Masta Ace: But yeah, we go out and run or we’ll do a workout. If the hotel has a nice gym, then we’re in there lifting. Health is wealth, and in order for me to continue to do what I do on stage, at my age — I don’t know if you know how old I am — but I’m jumping around. We sweat all the way down to the underwear every night, and if I wasn’t taking care of myself, I wouldn’t be able to do that. I would be breaking down early in the show. I’ve seen some of my peers that are the same age as me and they’re struggling. They’re just standing in one spot because they can’t breathe. I’ve been there. I know what that’s like and I didn’t want to be that guy. I want to be able to jump around, late in the show. I’m talking about the last song. I’m still ‘Let’s go, let’s go.’ And, that comes from doing these workouts that we do when we’re on the road — Staying healthy.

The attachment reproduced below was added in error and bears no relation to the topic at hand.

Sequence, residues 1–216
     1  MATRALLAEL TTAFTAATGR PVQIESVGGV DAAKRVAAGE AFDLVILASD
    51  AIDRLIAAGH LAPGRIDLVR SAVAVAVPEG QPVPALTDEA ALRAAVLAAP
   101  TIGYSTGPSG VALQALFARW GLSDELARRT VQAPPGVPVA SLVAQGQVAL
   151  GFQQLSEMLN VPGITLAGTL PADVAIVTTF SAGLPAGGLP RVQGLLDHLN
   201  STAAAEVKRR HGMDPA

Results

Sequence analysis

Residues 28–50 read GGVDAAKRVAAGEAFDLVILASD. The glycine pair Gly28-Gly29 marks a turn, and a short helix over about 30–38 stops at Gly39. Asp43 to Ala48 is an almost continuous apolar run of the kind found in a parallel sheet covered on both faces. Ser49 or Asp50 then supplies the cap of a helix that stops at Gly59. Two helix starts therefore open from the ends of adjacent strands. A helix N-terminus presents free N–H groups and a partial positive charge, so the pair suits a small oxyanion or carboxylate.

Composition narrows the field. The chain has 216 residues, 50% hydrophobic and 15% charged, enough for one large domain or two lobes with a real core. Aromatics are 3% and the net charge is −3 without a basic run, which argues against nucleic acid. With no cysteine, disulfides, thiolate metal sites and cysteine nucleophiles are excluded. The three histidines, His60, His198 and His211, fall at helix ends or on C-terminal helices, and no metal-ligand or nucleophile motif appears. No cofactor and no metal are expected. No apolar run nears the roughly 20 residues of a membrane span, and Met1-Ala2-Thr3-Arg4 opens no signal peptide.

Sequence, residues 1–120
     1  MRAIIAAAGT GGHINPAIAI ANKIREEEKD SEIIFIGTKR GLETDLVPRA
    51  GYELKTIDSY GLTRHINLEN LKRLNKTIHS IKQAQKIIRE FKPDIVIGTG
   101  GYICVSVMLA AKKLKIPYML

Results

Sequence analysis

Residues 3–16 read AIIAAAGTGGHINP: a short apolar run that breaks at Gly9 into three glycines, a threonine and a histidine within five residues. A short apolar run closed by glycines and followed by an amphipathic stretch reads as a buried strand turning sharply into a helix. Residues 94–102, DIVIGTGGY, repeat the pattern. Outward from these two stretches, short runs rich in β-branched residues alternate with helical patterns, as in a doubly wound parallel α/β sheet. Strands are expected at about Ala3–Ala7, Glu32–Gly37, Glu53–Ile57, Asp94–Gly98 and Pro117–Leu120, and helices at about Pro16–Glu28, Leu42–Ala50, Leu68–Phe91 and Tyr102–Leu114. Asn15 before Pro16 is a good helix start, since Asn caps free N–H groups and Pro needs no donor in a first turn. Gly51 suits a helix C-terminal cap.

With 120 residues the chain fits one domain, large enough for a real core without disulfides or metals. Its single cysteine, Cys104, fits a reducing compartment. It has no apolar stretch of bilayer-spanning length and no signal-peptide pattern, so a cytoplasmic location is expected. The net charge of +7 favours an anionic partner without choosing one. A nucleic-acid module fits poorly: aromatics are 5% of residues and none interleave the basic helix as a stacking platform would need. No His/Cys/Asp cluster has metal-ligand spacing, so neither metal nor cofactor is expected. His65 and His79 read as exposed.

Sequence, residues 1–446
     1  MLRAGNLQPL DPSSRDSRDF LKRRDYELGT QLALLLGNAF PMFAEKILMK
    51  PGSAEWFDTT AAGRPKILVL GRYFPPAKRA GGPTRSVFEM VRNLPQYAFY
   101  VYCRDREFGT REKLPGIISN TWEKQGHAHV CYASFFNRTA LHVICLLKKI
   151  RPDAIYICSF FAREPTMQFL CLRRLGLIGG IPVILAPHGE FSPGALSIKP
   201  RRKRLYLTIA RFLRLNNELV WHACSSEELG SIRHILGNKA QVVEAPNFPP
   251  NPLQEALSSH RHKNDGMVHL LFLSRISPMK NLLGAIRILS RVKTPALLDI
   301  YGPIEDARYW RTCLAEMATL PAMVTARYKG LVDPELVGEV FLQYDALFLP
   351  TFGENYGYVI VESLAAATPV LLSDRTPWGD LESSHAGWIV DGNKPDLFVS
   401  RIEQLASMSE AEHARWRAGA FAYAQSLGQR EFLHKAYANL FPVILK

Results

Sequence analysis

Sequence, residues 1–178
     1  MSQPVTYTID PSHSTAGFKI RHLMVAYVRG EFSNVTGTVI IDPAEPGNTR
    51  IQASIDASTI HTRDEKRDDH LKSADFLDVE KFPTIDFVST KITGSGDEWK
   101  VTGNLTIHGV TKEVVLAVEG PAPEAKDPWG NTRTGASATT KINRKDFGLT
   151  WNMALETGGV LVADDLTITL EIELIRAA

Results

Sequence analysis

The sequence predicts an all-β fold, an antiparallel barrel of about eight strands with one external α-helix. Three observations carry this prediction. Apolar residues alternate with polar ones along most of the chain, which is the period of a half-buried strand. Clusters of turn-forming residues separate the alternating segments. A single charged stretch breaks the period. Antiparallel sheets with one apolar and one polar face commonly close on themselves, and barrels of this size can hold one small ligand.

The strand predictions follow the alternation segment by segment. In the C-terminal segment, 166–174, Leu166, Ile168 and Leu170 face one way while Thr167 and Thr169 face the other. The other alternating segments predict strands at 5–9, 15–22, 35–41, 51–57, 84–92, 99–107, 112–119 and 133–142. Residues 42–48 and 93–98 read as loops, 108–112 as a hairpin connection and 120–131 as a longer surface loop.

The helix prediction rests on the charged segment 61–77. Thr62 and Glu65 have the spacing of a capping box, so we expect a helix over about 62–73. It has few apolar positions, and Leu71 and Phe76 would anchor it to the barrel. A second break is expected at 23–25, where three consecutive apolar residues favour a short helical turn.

Stricklin: I just think the addition of Power, who he said was our musical director — He’s really not a DJ, but he controls the music during the show. He’s just a fitness fanatic — nut. He’s a nut.
Wordsworth: You seen him in the show.
Stricklin: Yeah, Baby Power with the big afro.
Richardine: Oh, okay.
Stricklin: Yeah, I call him a fraud though cause he’ll work out but then you’ll catch him with the snack cakes.
Wordsworth: Cheat day.
Stricklin: Yeah, his cheat day is Monday, or Tuesday, Wednesday. Nah, but Power, he’s a big influence on us. He’s like your mom and dad — just like always over you shoulder. Like ‘Yo Stiiiiiiick, why you drinking that? Don’t eat that. Why you drinking that? That’s why nobody likes you.’